The market's relief rally does not come without risk, according to one top economist.
This week's surge in the U.S. stock market may have been fueled by word of a 90% effective Covid-19 vaccine, but investors shouldn't get too comfortable rallying on optimism just yet, Michael Darda, chief economist and macro strategist at MKM Partners, told CNBC's "Trading Nation" on Wednesday.
"In the near term, the risk is obviously this surge in infections, ... being led by the Midwest and the West," he said.
"The vaccine is not going to be here overnight. It's going to take time to roll it out, to get it distributed and disseminated. And so, in the interim, if we let our guard down, we could have some problems, even potentially prompting partial closures again."
While the pace of the economic recovery has exceeded much of Wall Street's expectations, unprecedented coronavirus case spikes across the country are without doubt a threat, said Darda, who expects a full recovery by the end of 2021.
"Longer term, I think we have to be very optimistic that we'll return to full economic health, but in the very near term, the rise in case counts is worrying, and if the good news on the vaccine feeds into this sense of complacency and we let our guard down, that could be a potential problem," he said.
The labor market is painting a rosier picture, according to Darda's research.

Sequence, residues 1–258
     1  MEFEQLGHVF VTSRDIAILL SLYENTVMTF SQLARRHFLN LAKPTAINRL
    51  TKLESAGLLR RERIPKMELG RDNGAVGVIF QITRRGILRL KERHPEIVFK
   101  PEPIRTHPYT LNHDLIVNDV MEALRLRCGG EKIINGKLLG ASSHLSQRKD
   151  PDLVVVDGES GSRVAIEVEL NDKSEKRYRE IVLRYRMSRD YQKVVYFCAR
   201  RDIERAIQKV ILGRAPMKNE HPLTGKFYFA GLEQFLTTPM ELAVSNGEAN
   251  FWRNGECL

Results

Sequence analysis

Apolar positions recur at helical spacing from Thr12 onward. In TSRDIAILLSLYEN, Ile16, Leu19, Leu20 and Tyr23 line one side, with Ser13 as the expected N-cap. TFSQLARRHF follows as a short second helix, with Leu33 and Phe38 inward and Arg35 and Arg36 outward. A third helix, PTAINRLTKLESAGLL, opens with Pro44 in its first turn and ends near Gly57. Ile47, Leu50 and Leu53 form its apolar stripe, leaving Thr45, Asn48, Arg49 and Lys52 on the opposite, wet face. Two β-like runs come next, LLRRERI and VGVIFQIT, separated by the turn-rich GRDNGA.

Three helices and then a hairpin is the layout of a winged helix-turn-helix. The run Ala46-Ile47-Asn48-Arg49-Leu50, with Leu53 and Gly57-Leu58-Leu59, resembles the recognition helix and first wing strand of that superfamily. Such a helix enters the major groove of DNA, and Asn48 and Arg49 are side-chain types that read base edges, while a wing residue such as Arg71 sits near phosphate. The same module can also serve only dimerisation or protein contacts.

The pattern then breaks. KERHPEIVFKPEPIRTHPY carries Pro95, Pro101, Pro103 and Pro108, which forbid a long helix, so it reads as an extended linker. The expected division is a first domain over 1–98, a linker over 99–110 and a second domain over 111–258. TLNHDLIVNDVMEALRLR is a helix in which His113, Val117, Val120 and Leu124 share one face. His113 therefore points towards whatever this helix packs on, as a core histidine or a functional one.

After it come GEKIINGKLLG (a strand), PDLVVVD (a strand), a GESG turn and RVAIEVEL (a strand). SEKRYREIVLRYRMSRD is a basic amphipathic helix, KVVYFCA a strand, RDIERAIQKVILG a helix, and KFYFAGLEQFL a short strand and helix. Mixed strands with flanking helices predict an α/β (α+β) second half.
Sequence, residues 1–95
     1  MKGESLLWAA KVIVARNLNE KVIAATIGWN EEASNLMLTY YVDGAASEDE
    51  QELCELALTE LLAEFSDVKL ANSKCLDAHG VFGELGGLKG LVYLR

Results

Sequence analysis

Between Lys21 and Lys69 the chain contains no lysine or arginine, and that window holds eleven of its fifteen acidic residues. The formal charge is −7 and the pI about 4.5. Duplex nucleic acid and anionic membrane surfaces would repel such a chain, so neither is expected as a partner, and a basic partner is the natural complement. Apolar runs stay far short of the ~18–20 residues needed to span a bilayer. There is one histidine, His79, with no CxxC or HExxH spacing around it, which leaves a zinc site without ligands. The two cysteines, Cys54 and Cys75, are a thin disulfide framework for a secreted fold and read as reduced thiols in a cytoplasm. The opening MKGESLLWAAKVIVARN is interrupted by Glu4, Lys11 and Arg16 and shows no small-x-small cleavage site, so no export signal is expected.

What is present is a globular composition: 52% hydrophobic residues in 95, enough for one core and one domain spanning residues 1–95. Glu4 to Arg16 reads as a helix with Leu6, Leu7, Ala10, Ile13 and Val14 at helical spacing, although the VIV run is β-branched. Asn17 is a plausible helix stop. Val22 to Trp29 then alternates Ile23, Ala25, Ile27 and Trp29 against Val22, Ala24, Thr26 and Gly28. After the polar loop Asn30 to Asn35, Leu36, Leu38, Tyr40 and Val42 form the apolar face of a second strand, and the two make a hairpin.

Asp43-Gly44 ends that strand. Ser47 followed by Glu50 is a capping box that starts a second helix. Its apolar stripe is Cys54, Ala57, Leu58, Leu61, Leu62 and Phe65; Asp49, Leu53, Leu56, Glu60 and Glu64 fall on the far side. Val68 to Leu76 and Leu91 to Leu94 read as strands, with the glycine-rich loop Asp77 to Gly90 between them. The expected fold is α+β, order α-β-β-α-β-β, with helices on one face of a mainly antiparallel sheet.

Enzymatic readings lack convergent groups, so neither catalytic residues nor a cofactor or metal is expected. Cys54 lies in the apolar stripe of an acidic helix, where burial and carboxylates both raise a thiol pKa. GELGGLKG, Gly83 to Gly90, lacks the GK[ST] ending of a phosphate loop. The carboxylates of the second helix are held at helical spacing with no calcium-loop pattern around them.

U.S. employers created more jobs than expected in October, with unemployment sinking to 6.9% from 7.9% in September, the Labor Department reported last week.
"Even though the economy remains depressed — we're certainly nowhere near full employment — the unemployment rate has been dropping very rapidly over the past six months," he said.
Jobless claims are also on the decline, with the National Federation of Independent Business reporting that small businesses had record-high job openings in October, Darda said.
Small business owners also showed increasing confidence in the economy's health, with nearly a fifth of those surveyed planning to create jobs in the next three months, according to NFIB.
"As long as those high-frequency indicators in the labor market continue to improve and confidence holds in there, I think we can continue to look forward to an ongoing business cycle recovery and hopefully, before 2021 is out, ... a return to full economic recovery, full employment."
Darda's S&P 500 target for the end of this year remains 3,600, which would be an all-time high for the index, just above its Sept. 2 record. It implies less than 1% upside from the S&P's Wednesday close of 3,572.70.
"I think these gains are definitely supported by the fundamentals turning," Darda said. "We could build on them, but the bulk of the gains are probably in place now."